So as the remarkable Mr. Wyllie is laid to rest, it’s worth considering some of the qualities that made him such an iconic artist for these times, in Scotland. The first, I think, was his trademark combination of sheer conceptual boldness and hands-on, down-to-earth practicality; he loved to think big, but also to shape metal with his own hands. In a contemporary art world riddled with false oppositions between conceptual art and practical craftsmanship, George offered both, as a matter of course; and in doing so, I think he honoured something deep in the engineering tradition of the west of Scotland, that was instinctively recognised by many of the thousands who loved his work.
Then there was the popularity of his work; because if the arts in Scotland have a particular strength, it lies in their tendency to reject the traditional dichotomy between “high” and “popular” culture, in favour of much more creative collisions between the two. From the 7:84 Theatre Company in the 1970’s, to the National Theatre Of Scotland today, the finest Scottish artists have always refused the idea that the best in culture is somehow exclusive; and although George Wyllie’s popular success may have cost him a prestigious prize or two, it brought with it the kind of fame and affection summed up by one Scottish newspaper this week, in a farewell cartoon of a middle-aged working man launching a little paper boat in George’s memory, while the straw locomotive hangs forlornly in the distance.
And then finally, George’s legacy to us is his legendary sense of playfulness and of freedom, ever more valuable in an age of obsessive surveillance, security and control. In George’s case, the sense of freedom came partly as a consequence of age. He was a sprightly 60-year-old retiree from Her Majesty’s Customs and Excise in Gourock before the straw locomotive was ever built; and in an ageing society, his bold and insouciant career comes as a salutary reminder that those who have finished with the burdens of paid work are sometimes only at the start of something much bigger, and more creative.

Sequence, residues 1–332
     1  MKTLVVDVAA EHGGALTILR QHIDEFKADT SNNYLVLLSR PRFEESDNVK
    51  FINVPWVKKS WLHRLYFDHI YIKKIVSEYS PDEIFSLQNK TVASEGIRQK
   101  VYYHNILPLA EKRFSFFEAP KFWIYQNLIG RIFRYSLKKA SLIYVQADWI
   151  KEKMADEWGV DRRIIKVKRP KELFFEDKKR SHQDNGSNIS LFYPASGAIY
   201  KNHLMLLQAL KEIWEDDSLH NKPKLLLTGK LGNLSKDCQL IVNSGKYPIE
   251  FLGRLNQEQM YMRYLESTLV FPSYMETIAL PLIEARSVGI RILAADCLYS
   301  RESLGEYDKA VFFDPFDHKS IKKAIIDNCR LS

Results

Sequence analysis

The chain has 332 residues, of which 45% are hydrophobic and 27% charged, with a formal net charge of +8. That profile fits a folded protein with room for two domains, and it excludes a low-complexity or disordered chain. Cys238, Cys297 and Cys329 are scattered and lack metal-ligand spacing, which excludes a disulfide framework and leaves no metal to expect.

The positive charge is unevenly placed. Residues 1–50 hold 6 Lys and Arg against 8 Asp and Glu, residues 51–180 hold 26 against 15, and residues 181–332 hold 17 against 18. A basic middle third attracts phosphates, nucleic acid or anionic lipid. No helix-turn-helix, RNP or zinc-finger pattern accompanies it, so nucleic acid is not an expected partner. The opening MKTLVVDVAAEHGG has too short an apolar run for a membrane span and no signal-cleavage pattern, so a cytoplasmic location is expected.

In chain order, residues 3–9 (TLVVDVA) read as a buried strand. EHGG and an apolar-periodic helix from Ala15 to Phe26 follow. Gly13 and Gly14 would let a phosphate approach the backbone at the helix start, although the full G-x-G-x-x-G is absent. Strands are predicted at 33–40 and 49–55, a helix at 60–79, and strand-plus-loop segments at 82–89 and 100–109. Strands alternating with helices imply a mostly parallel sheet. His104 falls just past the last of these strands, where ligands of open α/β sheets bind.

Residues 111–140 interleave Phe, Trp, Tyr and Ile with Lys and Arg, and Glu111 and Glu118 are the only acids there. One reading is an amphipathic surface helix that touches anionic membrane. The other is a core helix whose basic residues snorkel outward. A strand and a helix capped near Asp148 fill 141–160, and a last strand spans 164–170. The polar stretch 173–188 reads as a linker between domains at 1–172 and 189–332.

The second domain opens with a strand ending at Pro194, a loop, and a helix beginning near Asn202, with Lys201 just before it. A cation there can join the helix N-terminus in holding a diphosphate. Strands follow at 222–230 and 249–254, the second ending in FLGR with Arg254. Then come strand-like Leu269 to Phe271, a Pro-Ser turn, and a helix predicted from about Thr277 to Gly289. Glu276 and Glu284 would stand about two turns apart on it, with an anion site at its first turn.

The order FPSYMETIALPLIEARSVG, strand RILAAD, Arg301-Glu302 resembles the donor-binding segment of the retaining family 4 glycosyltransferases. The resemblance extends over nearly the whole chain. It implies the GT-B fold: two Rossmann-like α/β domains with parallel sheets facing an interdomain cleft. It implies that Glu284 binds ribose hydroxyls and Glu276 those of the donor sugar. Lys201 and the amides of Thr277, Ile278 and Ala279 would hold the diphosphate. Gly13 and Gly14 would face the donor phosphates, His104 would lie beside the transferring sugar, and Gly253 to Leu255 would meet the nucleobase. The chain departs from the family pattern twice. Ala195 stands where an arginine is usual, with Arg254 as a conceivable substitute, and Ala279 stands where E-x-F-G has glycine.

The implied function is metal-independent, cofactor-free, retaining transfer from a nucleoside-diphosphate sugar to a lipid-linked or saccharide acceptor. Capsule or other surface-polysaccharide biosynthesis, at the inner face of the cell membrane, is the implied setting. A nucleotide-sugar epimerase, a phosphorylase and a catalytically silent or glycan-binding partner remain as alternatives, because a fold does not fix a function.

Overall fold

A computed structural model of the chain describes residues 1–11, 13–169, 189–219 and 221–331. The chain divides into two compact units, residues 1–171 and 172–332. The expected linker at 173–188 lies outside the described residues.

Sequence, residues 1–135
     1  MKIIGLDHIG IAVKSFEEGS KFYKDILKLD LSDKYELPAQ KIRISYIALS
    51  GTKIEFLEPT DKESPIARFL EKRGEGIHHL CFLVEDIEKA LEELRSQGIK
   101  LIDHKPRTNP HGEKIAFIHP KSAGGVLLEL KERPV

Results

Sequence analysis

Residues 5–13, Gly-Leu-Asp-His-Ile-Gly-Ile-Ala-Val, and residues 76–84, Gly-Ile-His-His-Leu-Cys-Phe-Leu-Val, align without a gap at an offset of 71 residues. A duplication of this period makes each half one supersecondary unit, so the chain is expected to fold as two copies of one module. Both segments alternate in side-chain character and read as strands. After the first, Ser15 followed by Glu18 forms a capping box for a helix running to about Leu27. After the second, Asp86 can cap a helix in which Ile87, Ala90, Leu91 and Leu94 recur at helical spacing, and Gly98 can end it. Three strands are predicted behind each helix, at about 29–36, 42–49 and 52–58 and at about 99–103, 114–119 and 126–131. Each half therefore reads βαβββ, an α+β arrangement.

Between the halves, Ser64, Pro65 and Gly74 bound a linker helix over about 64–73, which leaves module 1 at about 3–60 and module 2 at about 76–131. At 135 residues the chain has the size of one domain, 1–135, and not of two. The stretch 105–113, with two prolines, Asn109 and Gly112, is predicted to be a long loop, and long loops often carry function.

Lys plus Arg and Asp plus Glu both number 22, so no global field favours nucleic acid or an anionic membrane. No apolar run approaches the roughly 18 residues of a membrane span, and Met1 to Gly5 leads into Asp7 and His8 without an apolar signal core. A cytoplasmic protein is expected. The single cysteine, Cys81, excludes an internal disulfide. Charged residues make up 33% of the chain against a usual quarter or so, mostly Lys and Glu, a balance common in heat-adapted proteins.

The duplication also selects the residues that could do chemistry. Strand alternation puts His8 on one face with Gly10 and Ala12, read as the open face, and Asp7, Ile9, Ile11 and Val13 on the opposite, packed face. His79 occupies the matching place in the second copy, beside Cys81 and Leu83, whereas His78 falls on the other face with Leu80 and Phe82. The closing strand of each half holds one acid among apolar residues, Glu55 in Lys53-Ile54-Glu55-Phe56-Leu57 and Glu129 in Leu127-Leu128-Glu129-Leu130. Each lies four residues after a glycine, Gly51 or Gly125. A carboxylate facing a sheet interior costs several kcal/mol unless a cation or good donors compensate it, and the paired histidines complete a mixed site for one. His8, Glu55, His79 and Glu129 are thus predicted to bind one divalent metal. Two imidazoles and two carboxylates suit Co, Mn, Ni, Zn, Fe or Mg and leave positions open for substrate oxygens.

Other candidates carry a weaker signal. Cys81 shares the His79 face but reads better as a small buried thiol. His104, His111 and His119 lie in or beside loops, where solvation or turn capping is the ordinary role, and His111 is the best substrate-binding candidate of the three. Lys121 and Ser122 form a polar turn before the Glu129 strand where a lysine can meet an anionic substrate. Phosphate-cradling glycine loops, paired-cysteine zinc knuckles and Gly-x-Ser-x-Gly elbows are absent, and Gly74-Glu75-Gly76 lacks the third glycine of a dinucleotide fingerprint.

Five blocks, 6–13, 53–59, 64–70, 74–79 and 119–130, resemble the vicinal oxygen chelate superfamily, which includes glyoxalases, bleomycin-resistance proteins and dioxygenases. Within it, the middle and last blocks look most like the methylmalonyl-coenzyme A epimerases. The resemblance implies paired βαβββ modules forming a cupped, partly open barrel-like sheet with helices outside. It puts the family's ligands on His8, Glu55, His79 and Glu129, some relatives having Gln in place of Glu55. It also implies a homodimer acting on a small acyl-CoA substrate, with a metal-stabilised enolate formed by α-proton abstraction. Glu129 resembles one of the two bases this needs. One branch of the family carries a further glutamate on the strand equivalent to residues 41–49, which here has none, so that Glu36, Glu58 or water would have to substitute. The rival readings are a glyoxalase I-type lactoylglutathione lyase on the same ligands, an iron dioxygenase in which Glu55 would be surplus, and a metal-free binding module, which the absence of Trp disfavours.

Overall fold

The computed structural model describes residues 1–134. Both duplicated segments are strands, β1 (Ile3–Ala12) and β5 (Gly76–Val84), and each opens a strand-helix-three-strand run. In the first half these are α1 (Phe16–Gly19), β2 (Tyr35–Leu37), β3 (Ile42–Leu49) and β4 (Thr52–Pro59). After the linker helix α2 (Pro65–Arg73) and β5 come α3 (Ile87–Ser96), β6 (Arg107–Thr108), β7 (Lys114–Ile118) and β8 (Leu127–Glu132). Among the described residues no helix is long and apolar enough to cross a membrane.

In a sense, though, the freedom George won for himself, in his last three decades, reminds all of us, regardless of age, to the state of mind human beings must strive for, if we are to free ourselves from the bonds of systems that have failed, and “realities” that no longer ring true. As a species, we survive because of our power to question, to invent, to reject the specious and the self-interested, and to embrace the chance of new life. In that sense, George Wyllie, the “Whysman”, represented all that is most hopeful in humanity, most practical, most joyful, and most forward-looking. And if we mourn him this week, we also live in a Scotland much the better for having known him, and cherished his work; a Scotland – among other things – no longer weighed down by the past, since Wyllie’s genius showed us how to remake it in paper and straw, and how to let it go.